Recently, I had a couple of writing assignments that required me to stretch my listening in some new directions. The focus was 90’s electronic music, specifically the "remix" phenomenon. I’m still trying to tap into the aesthetic of guys making new pieces of music out of aspects of old pieces and calling it dance music, but I suppose it’s no less confusing that the notion of anti-war rants and distorted guitar riffs being considered pop music.
Doing those projects, I picked up on some cool music and heard some edifying stories. After a while, though, I went back to some comfort zones. One of those was Phish. A few weeks ago, a new soundboard emerged of their show on 7/10/00 at Deer Creek, the show after the only show I’d heard (both in person and on an official release) from that tour. I’d never heard any of the three nights at Deer Creek that summer, but heard the reports about how the second night had the "Moby Dick"-infested second set, the third night had the "Curtain With" revival, and the first night was…the first night. Now, this music gets a new chance from that peculiar soundboard perspective, a view of the music which shuts out the glowstick wars and "hood" chants and puts you alone in the middle of these four musicians.
A change of source can make the difference between an average day and one to remember. In Dead circles, more than one guy has suggested that no one would notice 5/8/77, the common choice for best show, if the punchy, crystalline board tape hadn’t replaced the average audience tape which was all that could be had from this night in previous years. It seems to me, though, that the folks who say that should ask themselves how many of their favorite albums, especially rock-era stuff, would hold up if we only had boombox demos of the songs.
The source issue is not limited to concert recordings. Last week, someone put the mono mix of Zappa’s We’re Only In It For The Money on the net, so now I have four versions of this album the two first mixes (mono/stereo), the demo version and Zappa’s notorious 80’s version, which pasted on new bass and drums but also gave us all of the material his philistine 60’s label censored from the original releases. Many of those remix tools which those aforementioned 90’s electronic artists used have trickled down to amateur fans, a few of whom, in the Zappa community, have tried to make the perfect version of that album. Until we are allowed into the vault, though, I suspect this will be one of those albums that sound better in my head than on any single disc.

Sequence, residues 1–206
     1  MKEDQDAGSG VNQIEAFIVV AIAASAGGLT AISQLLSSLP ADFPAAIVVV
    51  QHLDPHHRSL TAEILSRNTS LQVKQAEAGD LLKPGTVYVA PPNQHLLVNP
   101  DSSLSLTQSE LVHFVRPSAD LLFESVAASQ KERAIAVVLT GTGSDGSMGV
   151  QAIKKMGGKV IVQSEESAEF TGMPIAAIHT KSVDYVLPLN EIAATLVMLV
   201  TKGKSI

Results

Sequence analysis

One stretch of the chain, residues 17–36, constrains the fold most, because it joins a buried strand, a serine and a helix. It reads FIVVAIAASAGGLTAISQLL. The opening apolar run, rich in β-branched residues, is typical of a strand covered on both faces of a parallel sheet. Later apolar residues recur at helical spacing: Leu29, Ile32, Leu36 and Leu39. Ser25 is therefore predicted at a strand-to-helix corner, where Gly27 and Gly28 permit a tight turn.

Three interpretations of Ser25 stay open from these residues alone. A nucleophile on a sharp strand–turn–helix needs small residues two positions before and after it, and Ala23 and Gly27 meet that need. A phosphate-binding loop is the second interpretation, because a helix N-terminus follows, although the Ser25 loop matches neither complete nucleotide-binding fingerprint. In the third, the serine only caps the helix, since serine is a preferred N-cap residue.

Bigger news, of course, is when a source emerges of music that didn’t circulate at all. Recently, a new Led Zeppelin 1977 soundboard appeared from a show which was unavailable in any form, and I read one person commenting that "this could make or break the ’77 tour." A heavy burden for one night’s work. On the other hand, Kind Of Blue had much to do with what has happened in improvisational music in the last four decades, and Miles and company may have spent less time recording the album than Zep did playing that show.
New sources can lurk in unpredictable places. A week or two ago, I read about a 1945 live recording of Charlie Parker and Dizzy Gillespie that had just been discovered in an antique store. Someone should check the yard sales of Noblesville to see if any tapes fell out of Phish’s bus in 2000 on the way out of Deer Creek.
Thanks to reissues and technology, we now have more than one version of just about any notable performance of the last few decades. A lack of sources can still make people nervous, though. The Dead have announced a release of the complete Fillmore 1969 recordings, converting what was once a 2-LP Live/Dead experience into a 10-disc bonanza, but one fan reaction has been concern that the bass won’t be loud enough. Perhaps when there are no more new Dead shows to sell, the technology will be in place for their merchandisers to let everyone have the 16-track masters and create their own mix. And perhaps by then the Phish archivists will have each show remastered with the option to include as many or as few extra-musical factors in the mix as you wish. Perhaps that will be considered dance music by the time we get to that decade, too.